We have all been there before - excitedly rushing to baggage claim to get our luggage and begin our vacation, or cantankerously trying to outrun the other passengers to get our bags and get home. Sometimes it's best to pause, take a breath, and realize that everyone else is trying to do the same thing; and that there are most likely 37 other passengers with the same black, rolling suitcase (That's why there is a big ‘Hello Kitty' sticker on mine…I mean…uh…Eagles sticker). Also try to keep some of these other tenants of body mechanics and posture in mind as you try to push through the masses. Such as:

  • Be careful with how much you are bending – If your suitcase is resting high up on the slow, perpetual belt, it is most likely caught on top of someone else's slow moving possessions. Additionally, it is most likely that this other bag weighs as much, if not more than your own. Try not to bend over and simultaneously move the lower level bag and lift your own. It is best to separate the bags on the first run and the appropriately lift (i.e., squat) your bag on the next pass.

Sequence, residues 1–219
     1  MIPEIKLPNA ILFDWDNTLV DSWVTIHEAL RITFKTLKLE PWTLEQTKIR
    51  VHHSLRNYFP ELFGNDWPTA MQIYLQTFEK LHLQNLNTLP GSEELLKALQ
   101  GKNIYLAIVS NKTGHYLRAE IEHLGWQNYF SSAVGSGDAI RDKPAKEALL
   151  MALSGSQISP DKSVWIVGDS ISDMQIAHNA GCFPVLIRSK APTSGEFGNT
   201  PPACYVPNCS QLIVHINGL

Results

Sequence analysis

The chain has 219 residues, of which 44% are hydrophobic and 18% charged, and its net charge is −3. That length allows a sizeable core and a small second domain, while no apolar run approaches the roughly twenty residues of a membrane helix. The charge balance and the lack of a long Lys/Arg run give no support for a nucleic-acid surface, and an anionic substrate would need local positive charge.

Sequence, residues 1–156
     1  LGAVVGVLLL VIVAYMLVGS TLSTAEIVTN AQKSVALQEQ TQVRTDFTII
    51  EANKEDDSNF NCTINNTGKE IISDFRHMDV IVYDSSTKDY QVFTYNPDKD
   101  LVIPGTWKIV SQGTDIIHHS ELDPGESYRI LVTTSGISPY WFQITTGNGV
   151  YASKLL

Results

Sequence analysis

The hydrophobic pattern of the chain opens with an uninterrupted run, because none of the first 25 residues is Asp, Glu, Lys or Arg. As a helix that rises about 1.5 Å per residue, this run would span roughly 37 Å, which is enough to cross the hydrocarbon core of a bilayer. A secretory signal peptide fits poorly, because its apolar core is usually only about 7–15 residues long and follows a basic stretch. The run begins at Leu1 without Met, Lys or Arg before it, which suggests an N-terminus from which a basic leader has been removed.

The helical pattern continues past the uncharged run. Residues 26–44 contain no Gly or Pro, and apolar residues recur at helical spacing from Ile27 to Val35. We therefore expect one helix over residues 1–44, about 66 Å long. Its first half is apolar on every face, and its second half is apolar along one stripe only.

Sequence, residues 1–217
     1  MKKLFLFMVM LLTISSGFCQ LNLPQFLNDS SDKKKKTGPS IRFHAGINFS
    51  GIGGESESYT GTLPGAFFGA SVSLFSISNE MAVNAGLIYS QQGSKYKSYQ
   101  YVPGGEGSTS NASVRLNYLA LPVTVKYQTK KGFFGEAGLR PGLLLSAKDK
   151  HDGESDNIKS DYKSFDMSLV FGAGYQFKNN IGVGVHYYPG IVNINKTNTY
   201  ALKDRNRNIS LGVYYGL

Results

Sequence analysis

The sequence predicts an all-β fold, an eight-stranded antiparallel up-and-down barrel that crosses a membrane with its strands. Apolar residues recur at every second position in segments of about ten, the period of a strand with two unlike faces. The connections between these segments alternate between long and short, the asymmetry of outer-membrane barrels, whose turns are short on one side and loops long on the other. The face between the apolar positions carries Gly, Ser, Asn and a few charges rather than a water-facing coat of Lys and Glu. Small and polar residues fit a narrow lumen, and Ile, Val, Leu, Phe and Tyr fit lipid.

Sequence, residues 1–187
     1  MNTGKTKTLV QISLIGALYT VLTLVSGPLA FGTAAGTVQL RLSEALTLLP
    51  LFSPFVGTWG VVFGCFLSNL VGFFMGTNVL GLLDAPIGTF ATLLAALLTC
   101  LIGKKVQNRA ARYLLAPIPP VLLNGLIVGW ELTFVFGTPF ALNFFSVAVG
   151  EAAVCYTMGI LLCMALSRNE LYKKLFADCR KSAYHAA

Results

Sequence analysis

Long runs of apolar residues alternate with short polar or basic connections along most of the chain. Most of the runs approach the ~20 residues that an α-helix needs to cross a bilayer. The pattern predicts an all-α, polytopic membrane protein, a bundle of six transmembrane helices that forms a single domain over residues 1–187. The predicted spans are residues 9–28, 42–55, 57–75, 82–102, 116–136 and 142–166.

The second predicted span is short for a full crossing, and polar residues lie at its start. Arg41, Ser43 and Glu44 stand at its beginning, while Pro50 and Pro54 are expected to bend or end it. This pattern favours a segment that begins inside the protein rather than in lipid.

• Be careful with how much you are twisting – Once the slow boat of the luggage carousel has brought your bag back around, please do not try to lift and throw your bag down over the side without moving your feet. Remember to keep your "nose and toes" in the same direction. Especially if you forgot that your bag is now carrying an extra 10-15 lbs. of towels & shampoos that "came" with your room and 17, newly purchased puka shell necklaces.
  • Be careful with how much you are reaching – It can be quite admirable to be the family Bag Whisperer that bravely volunteers to swim through the Tour De France-like crowds that swarm the sides of the luggage belt; however, be careful not to overplay, or more specifically to overreach your hand. As you subsequently remove each travel companion's suitcase, from Aunt Bethany's to Cousin Eddy's, ensure that you are not stacking them immediately in front of your feet. As that pile gets bigger and bigger you will have to reach farther and farther for the next bag and the harder and harder it will become to lift each suitcase (especially those containing the aforementioned puka shell necklace weight).

So remember to pack your posture and body mechanics along with your temperature-controlled buckwheat airplane pillow so that your travel can go as healthy as possible. Being that a major aspect of traveling is proper body movement, you may find yourself having a question about these key elements to healthy travel. Contact your Strive Therapist to ensure that you are taking the right preventative measures. If you do sustain an injury while trotting the globe, contact your local Strive clinic to determine if you are in need of an evaluation to address your injury.

Bon Voyage! -JM

Jason Melnyk

Occupational Therapist